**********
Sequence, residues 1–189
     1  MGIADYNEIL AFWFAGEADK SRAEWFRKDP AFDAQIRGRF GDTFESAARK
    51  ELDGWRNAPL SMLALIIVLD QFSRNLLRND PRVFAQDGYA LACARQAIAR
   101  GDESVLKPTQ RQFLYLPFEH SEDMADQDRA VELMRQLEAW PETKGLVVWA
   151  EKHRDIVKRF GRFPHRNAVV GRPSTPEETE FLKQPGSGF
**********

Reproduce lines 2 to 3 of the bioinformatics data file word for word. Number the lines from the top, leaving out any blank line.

     1  MGIADYNEIL AFWFAGEADK SRAEWFRKDP AFDAQIRGRF GDTFESAARK
    51  ELDGWRNAPL SMLALIIVLD QFSRNLLRND PRVFAQDGYA LACARQAIAR